New
York Magazine says yes. In April, it ran a long, long article on the “Alt-Right,” “Beyond
Alt: The extremely reactionary, burn-it-down-radical, newfangled far right
,”
authored by seventeen contributors (!). The magazine, being one of the leftist
persuasion, attempted to cover the whole gamut of what is called the
“Alt-Right,” (or the Alternative Right), that is, what are considered by the
Left to be “extreme” individuals, publications, and memes that oppose the
welfare state and statism and the Progressive path to full-scale socialism.
Racists and anti-Semites were stuffed into the same bag, which I think the
writers would have been happy to tie and toss into the East River. The
Alt-Right carries a lot of unasked-for baggage, to judge by Wikipedia’s discussion of
the  subject:
The alt-right,
or alternative right, is a loose group of people with right to far-right ideologies who
reject mainstream
conservatism in the United States.
White
supremacist
Richard Spencer appropriated the term in 2010 to
define a movement centered on white
nationalism
, and has been accused by some media publications of doing so to
whitewash
overt racism, white
supremacism
, and neo-Nazism. Alt-right beliefs have been
described as white supremacist, frequently overlapping with anti-Semitism
and Neo-Nazism, nativism and Islamophobia,
antifeminism
and homophobia,
white nationalism, right-wing populism, and the neoreactionary movement. The concept has
further been associated with multiple groups from American nationalists, neo-monarchists,
men’s
rights
advocates,
and the 2016 presidential campaign
of Donald
Trump
.
Quite a grab-bag
of groups in an artificial homogeny concocted by the leftwing political world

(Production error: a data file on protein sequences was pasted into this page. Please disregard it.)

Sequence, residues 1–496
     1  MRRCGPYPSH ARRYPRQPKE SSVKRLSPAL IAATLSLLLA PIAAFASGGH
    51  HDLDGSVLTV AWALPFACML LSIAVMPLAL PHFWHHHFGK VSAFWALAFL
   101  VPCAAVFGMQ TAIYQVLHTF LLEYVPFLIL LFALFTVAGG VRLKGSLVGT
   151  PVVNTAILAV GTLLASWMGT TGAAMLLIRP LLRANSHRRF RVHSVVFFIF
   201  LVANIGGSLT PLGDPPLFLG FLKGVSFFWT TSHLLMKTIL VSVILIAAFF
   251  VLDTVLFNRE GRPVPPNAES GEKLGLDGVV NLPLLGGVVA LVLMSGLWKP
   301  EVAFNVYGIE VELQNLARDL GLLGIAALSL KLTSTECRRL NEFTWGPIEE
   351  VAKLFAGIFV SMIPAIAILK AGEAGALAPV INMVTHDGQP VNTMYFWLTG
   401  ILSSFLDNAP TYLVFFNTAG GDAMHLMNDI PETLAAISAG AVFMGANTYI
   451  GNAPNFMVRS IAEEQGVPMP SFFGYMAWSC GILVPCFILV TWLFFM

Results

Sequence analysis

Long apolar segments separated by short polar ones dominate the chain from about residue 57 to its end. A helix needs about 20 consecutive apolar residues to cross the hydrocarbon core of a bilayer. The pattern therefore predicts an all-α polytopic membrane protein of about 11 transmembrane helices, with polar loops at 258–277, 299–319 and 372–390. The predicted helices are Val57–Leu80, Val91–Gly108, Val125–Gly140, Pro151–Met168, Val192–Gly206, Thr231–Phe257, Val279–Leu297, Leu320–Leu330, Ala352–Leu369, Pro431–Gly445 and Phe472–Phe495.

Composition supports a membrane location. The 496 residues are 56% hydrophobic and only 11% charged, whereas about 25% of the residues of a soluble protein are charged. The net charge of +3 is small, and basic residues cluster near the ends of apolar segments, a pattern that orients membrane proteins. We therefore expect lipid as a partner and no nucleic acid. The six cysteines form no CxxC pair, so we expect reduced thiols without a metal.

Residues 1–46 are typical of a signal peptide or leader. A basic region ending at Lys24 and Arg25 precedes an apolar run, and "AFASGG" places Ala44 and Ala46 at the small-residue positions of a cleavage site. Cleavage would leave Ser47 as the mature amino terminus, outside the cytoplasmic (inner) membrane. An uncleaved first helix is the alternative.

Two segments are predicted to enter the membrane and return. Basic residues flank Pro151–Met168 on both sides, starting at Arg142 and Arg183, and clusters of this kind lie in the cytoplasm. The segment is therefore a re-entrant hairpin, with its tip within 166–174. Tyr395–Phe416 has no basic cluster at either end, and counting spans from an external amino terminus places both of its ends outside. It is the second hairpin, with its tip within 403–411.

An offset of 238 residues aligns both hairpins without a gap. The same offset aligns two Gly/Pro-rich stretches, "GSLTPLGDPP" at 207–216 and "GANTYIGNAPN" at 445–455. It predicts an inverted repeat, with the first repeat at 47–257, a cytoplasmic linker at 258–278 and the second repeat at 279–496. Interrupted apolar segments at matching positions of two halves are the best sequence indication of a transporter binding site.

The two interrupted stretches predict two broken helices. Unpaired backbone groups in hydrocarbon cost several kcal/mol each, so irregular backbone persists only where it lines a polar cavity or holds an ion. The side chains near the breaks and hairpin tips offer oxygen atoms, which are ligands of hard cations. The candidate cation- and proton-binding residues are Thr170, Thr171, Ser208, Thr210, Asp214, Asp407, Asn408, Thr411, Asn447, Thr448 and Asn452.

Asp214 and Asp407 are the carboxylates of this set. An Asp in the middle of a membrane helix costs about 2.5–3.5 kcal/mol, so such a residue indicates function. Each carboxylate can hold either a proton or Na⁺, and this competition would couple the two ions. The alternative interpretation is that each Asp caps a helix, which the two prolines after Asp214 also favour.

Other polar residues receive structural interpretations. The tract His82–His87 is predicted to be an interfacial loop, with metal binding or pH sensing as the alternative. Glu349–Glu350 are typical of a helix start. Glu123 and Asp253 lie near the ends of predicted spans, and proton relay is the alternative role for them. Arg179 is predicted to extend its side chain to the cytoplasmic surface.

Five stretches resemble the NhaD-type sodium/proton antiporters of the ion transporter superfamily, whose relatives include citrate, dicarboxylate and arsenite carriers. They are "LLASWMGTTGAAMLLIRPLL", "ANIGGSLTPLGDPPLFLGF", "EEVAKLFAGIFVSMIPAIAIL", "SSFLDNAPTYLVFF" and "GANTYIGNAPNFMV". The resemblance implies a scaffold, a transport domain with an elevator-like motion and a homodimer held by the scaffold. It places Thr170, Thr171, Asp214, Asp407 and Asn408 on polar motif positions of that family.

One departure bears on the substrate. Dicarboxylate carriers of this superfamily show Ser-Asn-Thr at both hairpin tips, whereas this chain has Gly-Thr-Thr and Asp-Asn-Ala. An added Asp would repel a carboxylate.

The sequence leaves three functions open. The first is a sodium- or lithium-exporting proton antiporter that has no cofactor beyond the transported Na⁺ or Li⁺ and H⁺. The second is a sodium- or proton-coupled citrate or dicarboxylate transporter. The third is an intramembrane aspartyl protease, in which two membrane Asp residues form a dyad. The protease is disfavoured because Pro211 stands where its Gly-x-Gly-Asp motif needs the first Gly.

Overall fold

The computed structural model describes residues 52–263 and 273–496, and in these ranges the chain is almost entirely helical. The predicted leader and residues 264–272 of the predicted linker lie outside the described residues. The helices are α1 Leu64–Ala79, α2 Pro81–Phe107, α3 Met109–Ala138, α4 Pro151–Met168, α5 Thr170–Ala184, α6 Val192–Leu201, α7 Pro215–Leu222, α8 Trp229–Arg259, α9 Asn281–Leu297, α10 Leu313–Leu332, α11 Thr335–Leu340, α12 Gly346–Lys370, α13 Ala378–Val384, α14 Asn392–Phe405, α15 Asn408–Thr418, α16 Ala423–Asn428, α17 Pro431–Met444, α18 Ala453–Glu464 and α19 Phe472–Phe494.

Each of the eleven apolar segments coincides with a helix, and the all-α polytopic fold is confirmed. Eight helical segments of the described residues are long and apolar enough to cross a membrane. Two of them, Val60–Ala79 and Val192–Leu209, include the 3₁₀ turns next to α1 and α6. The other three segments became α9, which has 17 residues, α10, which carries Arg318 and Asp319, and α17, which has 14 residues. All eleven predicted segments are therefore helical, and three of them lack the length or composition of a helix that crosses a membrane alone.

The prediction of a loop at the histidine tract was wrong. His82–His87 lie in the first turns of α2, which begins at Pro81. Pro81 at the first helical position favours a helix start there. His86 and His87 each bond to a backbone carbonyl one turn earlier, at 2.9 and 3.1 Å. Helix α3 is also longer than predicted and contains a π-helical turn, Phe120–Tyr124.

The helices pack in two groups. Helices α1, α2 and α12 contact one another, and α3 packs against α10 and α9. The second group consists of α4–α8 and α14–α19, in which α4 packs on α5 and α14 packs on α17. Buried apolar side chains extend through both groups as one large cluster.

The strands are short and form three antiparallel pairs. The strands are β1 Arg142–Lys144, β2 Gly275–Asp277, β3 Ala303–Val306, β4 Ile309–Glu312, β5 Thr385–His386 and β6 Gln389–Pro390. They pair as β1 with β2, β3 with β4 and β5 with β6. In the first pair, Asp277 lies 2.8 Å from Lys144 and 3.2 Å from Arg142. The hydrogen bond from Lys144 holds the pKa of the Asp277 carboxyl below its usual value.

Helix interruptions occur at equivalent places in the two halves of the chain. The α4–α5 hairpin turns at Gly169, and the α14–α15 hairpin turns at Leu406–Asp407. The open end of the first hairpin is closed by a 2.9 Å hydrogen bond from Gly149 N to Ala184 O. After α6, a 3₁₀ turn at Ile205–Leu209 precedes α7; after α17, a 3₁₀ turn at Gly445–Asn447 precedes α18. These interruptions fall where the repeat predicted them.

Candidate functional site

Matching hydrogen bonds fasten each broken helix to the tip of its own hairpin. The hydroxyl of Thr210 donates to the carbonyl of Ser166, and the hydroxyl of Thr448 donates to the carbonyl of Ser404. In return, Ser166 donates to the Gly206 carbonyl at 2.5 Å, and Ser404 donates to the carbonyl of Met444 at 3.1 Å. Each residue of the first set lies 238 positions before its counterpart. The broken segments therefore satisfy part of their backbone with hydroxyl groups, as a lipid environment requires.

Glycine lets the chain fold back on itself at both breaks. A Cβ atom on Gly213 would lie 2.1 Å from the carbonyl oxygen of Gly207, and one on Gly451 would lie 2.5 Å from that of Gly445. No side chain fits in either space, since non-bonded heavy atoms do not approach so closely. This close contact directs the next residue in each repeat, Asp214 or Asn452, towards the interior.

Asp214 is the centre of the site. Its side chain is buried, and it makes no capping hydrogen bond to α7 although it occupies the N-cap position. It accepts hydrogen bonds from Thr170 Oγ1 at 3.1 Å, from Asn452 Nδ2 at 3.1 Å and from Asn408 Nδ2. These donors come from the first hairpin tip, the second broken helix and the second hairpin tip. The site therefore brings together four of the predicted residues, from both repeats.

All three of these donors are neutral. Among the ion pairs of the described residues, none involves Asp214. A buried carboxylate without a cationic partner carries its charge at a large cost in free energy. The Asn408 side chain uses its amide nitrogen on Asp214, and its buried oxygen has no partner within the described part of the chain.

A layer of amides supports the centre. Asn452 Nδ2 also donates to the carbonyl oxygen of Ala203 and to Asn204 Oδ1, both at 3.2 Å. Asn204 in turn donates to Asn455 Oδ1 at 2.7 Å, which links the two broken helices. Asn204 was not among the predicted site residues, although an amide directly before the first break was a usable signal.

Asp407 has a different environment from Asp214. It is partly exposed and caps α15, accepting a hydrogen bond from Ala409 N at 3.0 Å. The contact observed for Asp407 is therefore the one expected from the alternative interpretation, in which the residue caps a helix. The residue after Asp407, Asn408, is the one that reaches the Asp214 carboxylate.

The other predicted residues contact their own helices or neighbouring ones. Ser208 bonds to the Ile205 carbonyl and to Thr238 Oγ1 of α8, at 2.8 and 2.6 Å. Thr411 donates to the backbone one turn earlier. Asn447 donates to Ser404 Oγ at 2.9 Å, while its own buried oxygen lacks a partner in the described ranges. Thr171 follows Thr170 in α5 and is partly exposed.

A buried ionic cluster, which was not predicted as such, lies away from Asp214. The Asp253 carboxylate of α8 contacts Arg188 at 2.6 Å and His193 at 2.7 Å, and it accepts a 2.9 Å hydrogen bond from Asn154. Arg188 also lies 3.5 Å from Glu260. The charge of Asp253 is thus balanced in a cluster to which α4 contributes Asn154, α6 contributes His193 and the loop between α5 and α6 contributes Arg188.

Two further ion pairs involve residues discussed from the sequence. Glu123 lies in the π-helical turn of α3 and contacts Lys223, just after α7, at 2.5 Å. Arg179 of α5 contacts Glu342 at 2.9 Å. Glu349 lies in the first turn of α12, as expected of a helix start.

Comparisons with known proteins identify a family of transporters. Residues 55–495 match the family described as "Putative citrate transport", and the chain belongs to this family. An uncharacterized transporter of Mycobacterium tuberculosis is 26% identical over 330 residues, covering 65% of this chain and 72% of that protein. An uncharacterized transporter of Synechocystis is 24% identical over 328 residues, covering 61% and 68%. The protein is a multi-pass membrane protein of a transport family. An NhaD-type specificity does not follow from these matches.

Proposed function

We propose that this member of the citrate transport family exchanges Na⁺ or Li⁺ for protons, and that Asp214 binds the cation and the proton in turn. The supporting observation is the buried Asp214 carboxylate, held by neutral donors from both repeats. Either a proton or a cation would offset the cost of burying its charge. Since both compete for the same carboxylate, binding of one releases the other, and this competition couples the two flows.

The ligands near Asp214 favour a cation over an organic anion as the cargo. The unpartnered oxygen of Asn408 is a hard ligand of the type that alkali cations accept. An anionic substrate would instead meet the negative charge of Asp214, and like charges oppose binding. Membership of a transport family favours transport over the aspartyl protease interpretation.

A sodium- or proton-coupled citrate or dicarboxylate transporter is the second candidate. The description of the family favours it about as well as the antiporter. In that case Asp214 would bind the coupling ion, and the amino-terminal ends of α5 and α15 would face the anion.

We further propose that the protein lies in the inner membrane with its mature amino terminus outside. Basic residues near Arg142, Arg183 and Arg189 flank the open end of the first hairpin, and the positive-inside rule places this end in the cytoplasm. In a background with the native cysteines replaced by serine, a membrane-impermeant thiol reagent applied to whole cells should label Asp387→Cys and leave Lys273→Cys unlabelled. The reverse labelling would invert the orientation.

view. The New York Magazine’s article and Wikipedia perform a scatter-shot
drive-by shooting intended to discredit and smear legitimate, responsible
spokesmen for reason and Western civilization together with the screaming
meemies, such as Richard
Spenser
, Dilbert, and Jack Donovan.
NY Magazine also
deigned to quote the National Review, which, as a conservative publication,
somehow does not earn its enmity and sarcasm:
In National
Review
in April 2016, Ian Tuttle wrote,
The Alt-Right has evangelized
over the last several months primarily via a racist and anti-Semitic online
presence. But for Allum Bokhari and Milo Yiannopoulos, the alt-right consists
of fun-loving provocateurs, valiant defenders of Western civilization, daring
intellectuals—and a handful of neo-Nazis keen on a Final Solution 2.0, but
there are only a few of them, and nobody likes them anyways.
National Review does a more
economical job of painting the Alt-Right in almost psychedelic colors than does
New York Magazine.
Curiously, I have
not received any solicitations or invitations via email from any of the groups
mentioned in either the New York magazine article or in Wikipedia, even though
in the ineffable ignorance of Left and Right, my blog columns could easily be
labeled one or the other. I am certainly familiar with Milo Yiannopoulos and